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Subject: Review #456 by Deskovehry: Royals - Blue blood must flow rss

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Dusan Vit
Czech Republic
Bystrice nad Pernstejnem
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Noble blood are higher, than any boundaries. Their power strechtes from state to state, language and currencies does not matter. Their allies are strong and new candidates for power have no chance. The government is clearly divided between them. But its not so big surprise, that suddenly each of them wants more. They will not stop by one share and whole of Europe will soon be overwhelmed by war, in which blue blood will flow.

Its participants will be not only those people. There will be more. You and us. Board game Royals from author Peter Hawes says so. And company Abacus Spiele approved. A box with illustrations by Michael Menzel was published in 2014 just in time for exhibition in Essen.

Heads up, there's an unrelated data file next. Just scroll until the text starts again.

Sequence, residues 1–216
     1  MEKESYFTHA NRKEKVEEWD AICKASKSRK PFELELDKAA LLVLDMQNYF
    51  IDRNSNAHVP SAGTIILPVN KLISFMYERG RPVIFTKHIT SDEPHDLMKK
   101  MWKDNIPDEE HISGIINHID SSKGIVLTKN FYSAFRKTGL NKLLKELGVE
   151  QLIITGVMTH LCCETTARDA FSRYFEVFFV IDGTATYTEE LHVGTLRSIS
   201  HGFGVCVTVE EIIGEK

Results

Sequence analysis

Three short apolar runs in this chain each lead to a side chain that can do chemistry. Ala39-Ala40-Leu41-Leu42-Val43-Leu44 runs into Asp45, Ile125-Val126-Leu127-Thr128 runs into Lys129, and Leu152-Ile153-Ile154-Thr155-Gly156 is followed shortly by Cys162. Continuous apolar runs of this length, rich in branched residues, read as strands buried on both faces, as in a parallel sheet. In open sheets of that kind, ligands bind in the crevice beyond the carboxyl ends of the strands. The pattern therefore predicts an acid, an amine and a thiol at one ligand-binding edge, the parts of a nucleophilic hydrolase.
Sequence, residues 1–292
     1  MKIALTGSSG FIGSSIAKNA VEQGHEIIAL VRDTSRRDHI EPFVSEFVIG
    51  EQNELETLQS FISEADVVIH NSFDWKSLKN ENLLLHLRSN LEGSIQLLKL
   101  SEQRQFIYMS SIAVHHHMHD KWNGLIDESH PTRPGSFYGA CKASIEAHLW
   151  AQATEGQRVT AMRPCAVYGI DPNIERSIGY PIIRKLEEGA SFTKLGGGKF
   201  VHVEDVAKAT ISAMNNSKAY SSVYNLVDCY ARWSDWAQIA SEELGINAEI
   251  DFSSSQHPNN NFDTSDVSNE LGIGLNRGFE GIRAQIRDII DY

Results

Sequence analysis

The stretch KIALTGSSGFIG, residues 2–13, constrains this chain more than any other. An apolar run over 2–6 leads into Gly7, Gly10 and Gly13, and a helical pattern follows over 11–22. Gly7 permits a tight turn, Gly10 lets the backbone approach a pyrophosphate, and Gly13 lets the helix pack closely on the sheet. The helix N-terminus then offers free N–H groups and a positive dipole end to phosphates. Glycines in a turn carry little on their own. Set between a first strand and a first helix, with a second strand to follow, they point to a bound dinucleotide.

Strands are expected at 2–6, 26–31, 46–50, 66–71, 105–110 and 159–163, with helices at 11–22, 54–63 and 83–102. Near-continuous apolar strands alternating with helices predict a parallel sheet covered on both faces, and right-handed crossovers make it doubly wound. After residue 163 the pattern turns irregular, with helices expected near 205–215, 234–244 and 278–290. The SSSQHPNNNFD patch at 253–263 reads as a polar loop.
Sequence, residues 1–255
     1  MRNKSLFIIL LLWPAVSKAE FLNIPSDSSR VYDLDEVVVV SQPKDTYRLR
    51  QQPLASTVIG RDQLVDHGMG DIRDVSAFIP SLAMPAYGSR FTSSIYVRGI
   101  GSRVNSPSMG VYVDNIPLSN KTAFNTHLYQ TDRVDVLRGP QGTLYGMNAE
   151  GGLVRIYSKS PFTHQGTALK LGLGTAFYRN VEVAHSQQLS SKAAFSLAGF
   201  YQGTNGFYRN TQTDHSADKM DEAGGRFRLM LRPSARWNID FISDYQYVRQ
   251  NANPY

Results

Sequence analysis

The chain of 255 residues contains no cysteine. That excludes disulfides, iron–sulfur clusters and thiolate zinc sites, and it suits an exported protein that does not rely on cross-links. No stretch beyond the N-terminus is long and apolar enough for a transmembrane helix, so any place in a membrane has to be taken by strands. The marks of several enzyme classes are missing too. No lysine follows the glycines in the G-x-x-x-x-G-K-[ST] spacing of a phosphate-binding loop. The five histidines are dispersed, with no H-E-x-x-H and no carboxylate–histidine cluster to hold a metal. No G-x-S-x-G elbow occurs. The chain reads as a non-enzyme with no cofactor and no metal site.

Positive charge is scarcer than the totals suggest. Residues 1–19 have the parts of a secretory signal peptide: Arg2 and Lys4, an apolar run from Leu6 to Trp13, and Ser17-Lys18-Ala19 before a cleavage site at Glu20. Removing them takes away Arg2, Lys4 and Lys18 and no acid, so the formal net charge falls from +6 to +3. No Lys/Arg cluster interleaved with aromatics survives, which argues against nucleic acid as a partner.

The box is square and large, just as usual with medium-sized game. We see a debate of some noble men on the cover and they are being spied by a person hiding behind pillar. Much more persons, than just one woman craving for power, are hidden inside. First and foremost, there is a big folded game board, that displays a map of Europe and lot of its cities (no, Prague is not there, only neighboring Vienna). Each country and its cities have a position for tokens and two characters, the main representatives of the metropolis.



Cardboard sheets are there for players to discover a pile of tokens. Different shapes predetermine positions on the board for these victory points. But there is also seven puzzle pieces of characters, chiefs of the time with different social status from king to marshal. You should also not miss a huge pile of cubes (200 divided by color for players) and two decks of cards. The smaller one (24) represents the intrigues with two coats of arms of countries, while countries cards (99) are wearing only one.